IN THE COMPUTER world, wonders and blunders never cease. The latest wonder is a photo scanner that can deliver quality previously unavailable at anything resembling a reasonable price. The latest blunder is peripheral hardware and software that can make getting the scanner installed and keeping it running about as easy as spinning a plate on the end of a very long stick. Unless luck is with you, this precision instrument can quickly become an instrument of torture.
The new Photosmart scanner from the Hewlett-Packard Co. (for TC Windows 95 only) can handle prints up to 5 by 7 inches, but its forte is dealing directly with negatives and slides. Scanning originals rather than prints can produce significantly better images, but until recently, the cheapest scanners that could directly handle film cost at least $1,000.
Seen in that light, the $500 Photosmart could have been a genuine bargain. It can scan slides and negatives at an optical resolution of up to 2,400 dots per inch and photos at up to 300 dots. It maintains excellent tonal gradation by using 30 data bits to represent each dot. Though fine specifications sometimes mask lackluster performance, the Photosmart's output was exceptional.
Scans of difficult slides with broad tonal range revealed sharp, clear detail in both shadows and highlights. Scanning a negative of an underwater scene automatically corrected colors that a standard photofinisher had rendered far too blue. And in none of the scans could I find a trace of the color streaks and "noise" that a cheaper photo scanner produced from the same prints.
Professionals may consider the scanning software oversimplified, but less experienced users should find it generally helpful. The program not only makes excellent automatic decisions about color correction, but also manages to help simplify the confusing issue of how big a scan should be for a particular size and device. You can override the settings, but that may require adjustments in two widely separate places.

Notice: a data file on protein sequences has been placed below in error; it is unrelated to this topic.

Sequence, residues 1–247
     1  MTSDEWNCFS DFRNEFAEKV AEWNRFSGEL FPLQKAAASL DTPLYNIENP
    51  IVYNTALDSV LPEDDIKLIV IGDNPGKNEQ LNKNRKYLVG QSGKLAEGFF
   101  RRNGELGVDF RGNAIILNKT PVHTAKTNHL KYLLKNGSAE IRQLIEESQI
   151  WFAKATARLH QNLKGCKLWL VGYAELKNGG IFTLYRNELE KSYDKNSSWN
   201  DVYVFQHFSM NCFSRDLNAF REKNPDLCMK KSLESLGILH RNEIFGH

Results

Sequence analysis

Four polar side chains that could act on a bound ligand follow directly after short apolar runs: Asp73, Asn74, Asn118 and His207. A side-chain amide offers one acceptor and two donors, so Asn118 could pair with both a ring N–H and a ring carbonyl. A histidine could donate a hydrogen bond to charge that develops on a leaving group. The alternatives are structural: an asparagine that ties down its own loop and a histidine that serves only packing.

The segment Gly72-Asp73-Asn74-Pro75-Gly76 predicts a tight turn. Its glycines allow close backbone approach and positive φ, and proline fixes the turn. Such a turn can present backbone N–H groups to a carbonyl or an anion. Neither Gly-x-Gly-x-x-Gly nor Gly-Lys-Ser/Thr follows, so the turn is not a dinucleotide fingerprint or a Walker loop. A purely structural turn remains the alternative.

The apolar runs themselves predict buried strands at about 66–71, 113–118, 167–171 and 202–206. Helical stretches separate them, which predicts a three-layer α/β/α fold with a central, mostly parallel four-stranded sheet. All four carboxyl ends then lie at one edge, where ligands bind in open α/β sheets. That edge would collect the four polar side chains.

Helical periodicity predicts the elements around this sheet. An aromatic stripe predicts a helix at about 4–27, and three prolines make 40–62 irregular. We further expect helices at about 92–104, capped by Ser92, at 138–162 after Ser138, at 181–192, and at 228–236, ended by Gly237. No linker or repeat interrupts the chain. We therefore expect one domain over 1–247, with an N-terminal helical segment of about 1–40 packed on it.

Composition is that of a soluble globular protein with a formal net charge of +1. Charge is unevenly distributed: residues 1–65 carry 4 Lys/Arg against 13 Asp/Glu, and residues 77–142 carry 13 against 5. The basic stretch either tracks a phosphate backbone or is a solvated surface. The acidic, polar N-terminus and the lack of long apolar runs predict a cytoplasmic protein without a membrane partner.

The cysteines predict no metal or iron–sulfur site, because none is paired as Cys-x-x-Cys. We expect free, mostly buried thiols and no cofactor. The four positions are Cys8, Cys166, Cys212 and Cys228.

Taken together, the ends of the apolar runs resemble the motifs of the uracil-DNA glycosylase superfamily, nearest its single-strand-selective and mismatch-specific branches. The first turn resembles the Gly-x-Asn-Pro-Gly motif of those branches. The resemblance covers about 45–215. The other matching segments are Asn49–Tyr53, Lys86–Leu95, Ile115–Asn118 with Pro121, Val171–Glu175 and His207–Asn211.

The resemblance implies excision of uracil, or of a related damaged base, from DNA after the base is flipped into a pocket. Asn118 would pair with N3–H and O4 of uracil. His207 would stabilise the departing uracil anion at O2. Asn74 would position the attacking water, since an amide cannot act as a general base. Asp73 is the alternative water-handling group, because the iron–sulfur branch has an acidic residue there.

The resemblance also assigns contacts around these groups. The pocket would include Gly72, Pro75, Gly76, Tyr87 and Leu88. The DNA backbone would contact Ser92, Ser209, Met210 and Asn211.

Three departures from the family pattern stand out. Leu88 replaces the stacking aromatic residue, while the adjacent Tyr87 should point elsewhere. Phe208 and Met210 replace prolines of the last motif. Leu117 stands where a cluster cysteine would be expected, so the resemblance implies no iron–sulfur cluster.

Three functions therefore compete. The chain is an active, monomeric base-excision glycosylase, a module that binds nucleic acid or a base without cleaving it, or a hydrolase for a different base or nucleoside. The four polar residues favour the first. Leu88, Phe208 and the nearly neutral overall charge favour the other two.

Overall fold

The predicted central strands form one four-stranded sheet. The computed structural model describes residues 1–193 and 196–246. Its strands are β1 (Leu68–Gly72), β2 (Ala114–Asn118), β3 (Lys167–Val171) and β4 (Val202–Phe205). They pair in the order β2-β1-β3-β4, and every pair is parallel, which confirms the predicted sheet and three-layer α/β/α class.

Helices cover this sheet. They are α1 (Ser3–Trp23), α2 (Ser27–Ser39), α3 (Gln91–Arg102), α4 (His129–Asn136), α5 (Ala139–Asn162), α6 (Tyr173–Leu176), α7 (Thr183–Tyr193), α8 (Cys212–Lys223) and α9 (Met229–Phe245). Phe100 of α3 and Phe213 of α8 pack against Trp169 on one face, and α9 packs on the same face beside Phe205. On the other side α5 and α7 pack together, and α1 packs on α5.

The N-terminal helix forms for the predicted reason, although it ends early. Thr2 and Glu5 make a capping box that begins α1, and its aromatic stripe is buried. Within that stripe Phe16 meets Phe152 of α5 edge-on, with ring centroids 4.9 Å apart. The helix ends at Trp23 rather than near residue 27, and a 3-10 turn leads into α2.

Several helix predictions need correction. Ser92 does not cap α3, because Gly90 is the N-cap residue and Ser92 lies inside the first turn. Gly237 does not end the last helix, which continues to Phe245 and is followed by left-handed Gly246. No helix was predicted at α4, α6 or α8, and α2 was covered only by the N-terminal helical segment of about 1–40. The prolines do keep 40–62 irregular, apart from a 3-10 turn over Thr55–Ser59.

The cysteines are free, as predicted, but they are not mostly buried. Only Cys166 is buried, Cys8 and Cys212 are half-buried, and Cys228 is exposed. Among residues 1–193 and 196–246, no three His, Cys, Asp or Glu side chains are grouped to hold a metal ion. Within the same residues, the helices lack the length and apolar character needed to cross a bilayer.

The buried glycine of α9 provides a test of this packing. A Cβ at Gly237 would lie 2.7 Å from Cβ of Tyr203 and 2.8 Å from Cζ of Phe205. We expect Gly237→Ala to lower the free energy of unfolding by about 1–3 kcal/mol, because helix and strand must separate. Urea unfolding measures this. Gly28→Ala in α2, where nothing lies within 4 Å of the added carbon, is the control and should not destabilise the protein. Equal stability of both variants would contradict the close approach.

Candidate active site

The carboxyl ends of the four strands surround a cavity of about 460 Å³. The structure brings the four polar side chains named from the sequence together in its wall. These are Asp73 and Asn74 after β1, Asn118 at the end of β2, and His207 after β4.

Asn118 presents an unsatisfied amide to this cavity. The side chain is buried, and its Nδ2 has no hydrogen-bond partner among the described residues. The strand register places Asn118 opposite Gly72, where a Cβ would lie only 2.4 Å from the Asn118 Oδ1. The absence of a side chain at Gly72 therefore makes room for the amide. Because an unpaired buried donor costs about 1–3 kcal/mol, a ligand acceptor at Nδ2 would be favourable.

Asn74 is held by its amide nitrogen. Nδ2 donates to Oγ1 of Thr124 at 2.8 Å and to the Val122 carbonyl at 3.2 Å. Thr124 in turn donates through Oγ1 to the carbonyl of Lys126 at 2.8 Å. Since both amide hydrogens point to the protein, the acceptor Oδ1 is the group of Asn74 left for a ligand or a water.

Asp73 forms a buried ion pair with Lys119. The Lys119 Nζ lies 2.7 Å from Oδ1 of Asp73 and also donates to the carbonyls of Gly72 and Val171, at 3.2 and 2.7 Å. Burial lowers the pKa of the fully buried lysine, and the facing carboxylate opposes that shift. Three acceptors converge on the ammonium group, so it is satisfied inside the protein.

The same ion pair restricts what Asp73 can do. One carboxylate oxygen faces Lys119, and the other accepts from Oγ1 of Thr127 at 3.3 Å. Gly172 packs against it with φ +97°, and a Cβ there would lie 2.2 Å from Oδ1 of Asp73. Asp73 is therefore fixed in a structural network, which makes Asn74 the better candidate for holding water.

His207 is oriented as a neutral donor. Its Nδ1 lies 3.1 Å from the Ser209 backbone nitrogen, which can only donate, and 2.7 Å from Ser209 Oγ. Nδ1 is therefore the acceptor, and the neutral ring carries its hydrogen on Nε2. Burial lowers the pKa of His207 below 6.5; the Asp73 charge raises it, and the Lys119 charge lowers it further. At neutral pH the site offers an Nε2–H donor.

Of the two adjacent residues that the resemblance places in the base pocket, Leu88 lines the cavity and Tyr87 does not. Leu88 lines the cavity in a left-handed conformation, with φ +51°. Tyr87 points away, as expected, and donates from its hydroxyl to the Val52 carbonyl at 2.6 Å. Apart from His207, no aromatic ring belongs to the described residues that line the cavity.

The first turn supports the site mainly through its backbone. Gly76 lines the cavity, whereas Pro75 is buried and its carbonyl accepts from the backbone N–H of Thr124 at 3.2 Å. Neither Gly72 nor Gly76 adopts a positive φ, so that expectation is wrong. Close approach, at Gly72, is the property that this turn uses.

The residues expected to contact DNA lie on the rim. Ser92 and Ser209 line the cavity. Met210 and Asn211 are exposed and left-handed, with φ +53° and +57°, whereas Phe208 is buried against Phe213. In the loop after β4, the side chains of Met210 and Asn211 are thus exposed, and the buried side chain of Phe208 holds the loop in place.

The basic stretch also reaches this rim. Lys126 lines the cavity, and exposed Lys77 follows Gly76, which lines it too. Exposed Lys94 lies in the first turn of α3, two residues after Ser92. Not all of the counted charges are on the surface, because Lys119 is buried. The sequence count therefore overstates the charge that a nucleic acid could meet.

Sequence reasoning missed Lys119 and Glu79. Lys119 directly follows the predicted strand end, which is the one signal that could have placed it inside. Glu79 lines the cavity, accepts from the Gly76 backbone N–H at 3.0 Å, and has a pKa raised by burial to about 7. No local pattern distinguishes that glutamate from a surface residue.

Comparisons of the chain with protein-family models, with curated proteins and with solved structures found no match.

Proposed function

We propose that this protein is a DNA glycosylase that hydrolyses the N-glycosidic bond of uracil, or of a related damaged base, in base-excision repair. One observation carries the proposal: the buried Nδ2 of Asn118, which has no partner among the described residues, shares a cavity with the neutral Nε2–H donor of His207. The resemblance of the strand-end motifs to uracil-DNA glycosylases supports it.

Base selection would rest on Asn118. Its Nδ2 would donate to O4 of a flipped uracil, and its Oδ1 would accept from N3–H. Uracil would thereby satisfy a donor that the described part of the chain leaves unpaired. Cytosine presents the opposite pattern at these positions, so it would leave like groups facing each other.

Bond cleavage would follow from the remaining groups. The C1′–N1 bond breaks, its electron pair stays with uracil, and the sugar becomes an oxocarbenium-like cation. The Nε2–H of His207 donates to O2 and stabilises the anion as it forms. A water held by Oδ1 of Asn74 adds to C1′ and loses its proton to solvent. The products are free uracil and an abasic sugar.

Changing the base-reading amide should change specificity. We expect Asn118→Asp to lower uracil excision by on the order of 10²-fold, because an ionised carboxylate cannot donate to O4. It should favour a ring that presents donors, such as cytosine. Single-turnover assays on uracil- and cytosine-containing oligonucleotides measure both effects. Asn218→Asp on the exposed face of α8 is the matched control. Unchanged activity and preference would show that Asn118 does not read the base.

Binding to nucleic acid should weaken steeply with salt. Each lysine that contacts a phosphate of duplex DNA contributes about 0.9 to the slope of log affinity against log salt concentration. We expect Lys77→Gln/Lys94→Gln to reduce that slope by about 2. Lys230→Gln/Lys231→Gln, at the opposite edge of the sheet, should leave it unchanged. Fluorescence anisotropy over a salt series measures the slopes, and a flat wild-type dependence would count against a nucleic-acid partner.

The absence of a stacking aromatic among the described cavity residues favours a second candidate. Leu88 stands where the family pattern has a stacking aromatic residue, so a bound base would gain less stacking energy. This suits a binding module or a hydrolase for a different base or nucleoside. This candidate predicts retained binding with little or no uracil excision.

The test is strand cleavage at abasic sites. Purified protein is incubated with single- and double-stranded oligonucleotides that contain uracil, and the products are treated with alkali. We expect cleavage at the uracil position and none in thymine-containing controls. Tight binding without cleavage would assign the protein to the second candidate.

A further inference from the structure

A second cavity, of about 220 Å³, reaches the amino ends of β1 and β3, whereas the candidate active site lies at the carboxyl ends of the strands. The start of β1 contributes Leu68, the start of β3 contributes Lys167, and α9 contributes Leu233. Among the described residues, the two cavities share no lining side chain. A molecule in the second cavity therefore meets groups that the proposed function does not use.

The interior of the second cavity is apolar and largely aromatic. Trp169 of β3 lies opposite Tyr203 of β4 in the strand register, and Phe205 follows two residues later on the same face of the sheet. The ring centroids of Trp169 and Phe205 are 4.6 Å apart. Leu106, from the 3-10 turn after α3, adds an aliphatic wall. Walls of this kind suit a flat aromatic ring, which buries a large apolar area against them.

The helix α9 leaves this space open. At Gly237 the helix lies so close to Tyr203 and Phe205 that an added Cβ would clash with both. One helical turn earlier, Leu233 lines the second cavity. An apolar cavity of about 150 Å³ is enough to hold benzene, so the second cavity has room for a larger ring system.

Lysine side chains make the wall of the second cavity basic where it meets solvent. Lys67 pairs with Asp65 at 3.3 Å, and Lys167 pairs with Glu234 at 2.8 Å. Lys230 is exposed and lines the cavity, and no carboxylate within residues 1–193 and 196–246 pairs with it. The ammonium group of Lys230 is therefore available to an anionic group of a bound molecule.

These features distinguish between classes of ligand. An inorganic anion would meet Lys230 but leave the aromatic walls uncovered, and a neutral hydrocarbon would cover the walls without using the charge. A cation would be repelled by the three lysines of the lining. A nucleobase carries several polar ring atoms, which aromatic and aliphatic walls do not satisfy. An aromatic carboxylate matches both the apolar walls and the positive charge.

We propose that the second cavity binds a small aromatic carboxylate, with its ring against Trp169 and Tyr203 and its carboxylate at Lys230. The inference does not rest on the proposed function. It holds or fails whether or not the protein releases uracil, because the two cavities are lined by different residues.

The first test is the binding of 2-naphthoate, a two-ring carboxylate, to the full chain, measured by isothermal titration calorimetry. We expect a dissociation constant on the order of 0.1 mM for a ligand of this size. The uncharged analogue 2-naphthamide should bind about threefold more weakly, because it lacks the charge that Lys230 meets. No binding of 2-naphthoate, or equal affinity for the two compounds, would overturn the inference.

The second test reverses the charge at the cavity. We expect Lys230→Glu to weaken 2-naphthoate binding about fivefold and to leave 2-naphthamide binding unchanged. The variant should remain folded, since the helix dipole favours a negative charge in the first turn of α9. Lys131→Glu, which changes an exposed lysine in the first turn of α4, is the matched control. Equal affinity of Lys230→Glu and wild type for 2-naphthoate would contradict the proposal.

The scanning software also has plenty of room for improvement. If you send a scan directly to a printer, all the careful adjustments you have made disappear without giving you a chance to save them. Although the software lets you rotate pictures and adjust their color, exposure and size, most of these functions are probably better left to more capable photo-manipulation programs.
Using the Photosmart software's cropping function to reduce the scanned area visibly degraded the picture quality; using Adobe Photodeluxe to do the same thing on a clearly scanned image worked fine.
The software insists on installing itself in a way that makes the program pop up automatically every time you insert a photo and disappear after you have finished each scan. You are probably more likely to want to invoke the program on your own and have it remain in place until you dismiss it, particularly since a bug that steals memory every time you open the program can eventually crash your system.
A Hewlett-Packard spokesman says a fix should be available soon. Unfortunately, no fix is in the immediate offing for the single thing that can keep this scanner from realizing its potential: an SCSI interface card that must be installed in an ISA slot inside the computer. Understanding how much of an obstacle this can be for many users, Hewlett-Packard provides a how-to CD-ROM video. You cannot watch while you try to install the card, since you must shut down the machine first, but the manual provides decent step-by-step instructions.
The real problem, however, is not getting the so-called plug-and-play card into the computer, but getting it to work.
It normally demands what is known as a free IRQ, or Interrupt Request Line, but like many multimedia computers, the Hewlett-Packard Pavilion machine I tried it in was fresh out of IRQs. The installation program came up with a work-around that installed something called a real-mode device driver. It took up a small but important portion of RAM, potentially degrading the performance of Windows 95 with some programs, but at least it worked, briefly.
Service bureaus can produce high-quality scans from slides and negatives and deliver them on CD-ROM in the PhotoCD format. If you prefer the theoretical convenience of doing it yourself with this schizoid device, arm yourself with patience and a money-back guarantee.
New York Times News Service
Pub Date: 5/19/97